I mentioned to someone the other day that my family had a wind charger when I was a kid, and the person’s eyebrows went up as if I’d said we owned the Fountain of Youth.

“What’s so strange about that?” I asked. “We weren’t the only ones.”

I wondered briefly if he thought I was referring to that Windcharger transformer toy kids play with these days. Transformed into a Pontiac Firebird, the thing goes faster than those cars that try to set land speed records on the Bonneville Salt Flats. He wasn’t thinking of that, though.

“Those things are huge,” he said. “And let’s face it; you haven’t been a kid for 60 or 70 years. I didn’t know they had wind farms that long ago.”

I realized we were talking about two entirely different sorts of wind charger. My friend was thinking of those massive, soaring wind turbines on the wind farms that have spread across the state and region in recent times. Yes, those things are huge. And they’re expensive and impressive. I recall a night flight — home from Sioux City, I think it was — during my time with state government. I hadn’t seen the development of the wind farm over by White Lake until that night. The warning lights atop the towers created a vast, blinking red blanket below the wing of the airplane.

A story recently by South Dakota News Watch, Inc. noted that eight major wind-energy projects had recently been approved and would add 700 turbines and $2.6 billion in investments in South Dakota by the end of 2020. The news series said that South Dakota ranked third in the nation for number of homes powered by wind energy.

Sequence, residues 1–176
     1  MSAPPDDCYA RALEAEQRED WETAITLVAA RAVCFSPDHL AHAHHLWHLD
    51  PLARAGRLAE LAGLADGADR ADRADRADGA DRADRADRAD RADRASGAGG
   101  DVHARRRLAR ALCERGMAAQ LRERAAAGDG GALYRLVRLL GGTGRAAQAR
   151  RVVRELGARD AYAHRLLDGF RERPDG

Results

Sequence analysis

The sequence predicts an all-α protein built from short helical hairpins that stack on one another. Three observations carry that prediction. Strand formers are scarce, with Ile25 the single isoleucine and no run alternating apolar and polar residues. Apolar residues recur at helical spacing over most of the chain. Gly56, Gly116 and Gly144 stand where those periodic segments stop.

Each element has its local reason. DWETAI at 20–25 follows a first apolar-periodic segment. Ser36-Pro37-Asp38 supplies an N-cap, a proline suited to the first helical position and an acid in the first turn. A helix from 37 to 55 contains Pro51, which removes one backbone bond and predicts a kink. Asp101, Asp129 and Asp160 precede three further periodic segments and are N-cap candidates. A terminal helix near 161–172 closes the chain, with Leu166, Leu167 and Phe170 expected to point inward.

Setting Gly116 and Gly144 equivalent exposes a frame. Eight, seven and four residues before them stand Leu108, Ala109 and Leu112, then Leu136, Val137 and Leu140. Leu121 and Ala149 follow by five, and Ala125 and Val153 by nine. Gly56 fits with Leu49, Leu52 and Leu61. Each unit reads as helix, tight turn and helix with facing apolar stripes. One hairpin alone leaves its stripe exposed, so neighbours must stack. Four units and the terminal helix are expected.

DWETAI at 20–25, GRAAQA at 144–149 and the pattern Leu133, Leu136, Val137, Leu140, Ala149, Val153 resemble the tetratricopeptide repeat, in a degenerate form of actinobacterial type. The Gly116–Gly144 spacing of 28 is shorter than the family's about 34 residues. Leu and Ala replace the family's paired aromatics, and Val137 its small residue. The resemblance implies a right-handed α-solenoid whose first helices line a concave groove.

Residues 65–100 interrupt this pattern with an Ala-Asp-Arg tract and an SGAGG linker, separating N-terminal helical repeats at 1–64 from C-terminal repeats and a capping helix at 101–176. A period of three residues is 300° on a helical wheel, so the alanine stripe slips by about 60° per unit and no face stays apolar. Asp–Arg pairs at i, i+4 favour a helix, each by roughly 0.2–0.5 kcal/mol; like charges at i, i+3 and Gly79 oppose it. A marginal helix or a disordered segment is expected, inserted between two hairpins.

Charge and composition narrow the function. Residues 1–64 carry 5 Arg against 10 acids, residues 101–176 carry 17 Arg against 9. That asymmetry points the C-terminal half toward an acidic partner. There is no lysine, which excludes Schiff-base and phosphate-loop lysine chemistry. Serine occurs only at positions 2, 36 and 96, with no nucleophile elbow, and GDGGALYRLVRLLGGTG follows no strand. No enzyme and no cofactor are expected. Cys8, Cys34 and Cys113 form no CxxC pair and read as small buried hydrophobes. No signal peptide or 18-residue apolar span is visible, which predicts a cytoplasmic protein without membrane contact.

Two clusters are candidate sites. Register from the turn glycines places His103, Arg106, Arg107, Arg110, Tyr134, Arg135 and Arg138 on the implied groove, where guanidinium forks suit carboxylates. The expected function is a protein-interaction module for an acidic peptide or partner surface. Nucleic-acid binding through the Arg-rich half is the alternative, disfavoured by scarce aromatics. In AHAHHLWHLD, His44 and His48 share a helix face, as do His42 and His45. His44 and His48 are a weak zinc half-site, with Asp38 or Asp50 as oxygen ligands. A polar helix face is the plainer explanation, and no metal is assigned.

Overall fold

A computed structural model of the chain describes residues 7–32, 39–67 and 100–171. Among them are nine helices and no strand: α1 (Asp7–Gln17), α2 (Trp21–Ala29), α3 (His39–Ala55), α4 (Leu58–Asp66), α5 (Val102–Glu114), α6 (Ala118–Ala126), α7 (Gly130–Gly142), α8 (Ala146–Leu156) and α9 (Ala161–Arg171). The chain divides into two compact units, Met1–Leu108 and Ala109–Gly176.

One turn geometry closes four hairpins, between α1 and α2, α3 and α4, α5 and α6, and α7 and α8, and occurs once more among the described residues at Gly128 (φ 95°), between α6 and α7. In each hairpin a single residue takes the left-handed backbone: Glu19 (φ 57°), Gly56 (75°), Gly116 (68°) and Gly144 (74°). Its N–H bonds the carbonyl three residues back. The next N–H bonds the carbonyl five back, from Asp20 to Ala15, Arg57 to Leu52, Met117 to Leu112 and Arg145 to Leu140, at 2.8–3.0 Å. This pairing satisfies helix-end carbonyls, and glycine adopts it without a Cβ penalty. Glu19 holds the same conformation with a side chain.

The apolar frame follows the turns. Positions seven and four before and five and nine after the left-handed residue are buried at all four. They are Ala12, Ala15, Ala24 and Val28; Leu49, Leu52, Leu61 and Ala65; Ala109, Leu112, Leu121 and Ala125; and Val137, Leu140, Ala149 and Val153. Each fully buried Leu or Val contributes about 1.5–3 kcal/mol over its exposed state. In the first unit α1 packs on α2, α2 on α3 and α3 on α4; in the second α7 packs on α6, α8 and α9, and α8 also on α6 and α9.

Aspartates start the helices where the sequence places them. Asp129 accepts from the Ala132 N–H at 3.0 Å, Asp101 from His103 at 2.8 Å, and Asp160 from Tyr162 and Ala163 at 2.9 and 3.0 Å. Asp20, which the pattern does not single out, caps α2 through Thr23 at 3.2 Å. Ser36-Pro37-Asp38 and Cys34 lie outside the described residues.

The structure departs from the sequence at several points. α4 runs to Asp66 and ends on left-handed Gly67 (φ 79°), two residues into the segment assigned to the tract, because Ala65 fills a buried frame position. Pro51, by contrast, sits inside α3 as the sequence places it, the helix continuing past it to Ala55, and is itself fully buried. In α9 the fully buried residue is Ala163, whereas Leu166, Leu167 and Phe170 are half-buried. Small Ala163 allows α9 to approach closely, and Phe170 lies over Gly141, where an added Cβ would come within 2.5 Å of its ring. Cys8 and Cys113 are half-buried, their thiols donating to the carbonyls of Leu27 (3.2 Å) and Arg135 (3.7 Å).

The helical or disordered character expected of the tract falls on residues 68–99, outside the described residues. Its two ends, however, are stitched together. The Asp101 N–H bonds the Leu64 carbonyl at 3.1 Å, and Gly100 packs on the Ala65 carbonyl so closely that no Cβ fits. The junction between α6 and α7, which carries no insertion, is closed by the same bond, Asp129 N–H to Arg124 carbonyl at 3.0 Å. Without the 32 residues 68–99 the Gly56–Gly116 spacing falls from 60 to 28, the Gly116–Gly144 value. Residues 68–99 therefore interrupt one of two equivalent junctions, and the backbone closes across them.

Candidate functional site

OK, so that’s a far different sort of wind generator than I meant when I said our farm had one. Ours was a modest metal tower sunk in concrete next to the door to our back porch. Braces ran in a criss-cross pattern up the tower, and a boy with an adventuresome spirit and smallish feet could find footholds in the braces and climb the tower to reach the roof of the house. That boy couldn’t manage to walk on the roof quietly enough to avoid being heard by his mom or dad; they’d burst out the back door and holler at him to get down from there that instant.

The tower we had was barely higher than the peak of the house roof, certainly nothing like those impressive towers in the wind farms today. It was high enough, though, to allow the wind to reach the blades of the turbine, which would spin madly and somehow — black magic, I figured when I was young — create electricity. A bank of glass-encased batteries under the counter on the back porch (next to the cream separator) stored the electricity and provided welcome, if not always dependable, power for lights and the radio in the living room.

I have a vague notion that we owned a gas-powered generator at one time. That would have come in handy when the electricity failed. I know for a while we had lanterns fed by kerosene or some other liquid. That has a romantic “Little House on the Prairie” feel to it, but honestly I mostly remember flashlights and church candles when the power failed.

I’ve watched President Trump make fun of wind power during rallies. He gets a laugh by saying you can’t watch television when the wind stops. Well, two things. First, when does the wind stop in South Dakota? Second, we didn’t have a wind charger and a TV at the same time. By the time we brought our first set, REA had wired us and we had pretty dependable power.

For some time after REA arrived, the tower of the wind charger sat unused by the back door, as if we might have to fire it up in the event of the zombie apocalypse. One day my dad decided we were safe, I guess. He tore the tower down and tossed it behind the garage onto a pile of angle iron, machine parts and scraps of lumber. Its time had passed.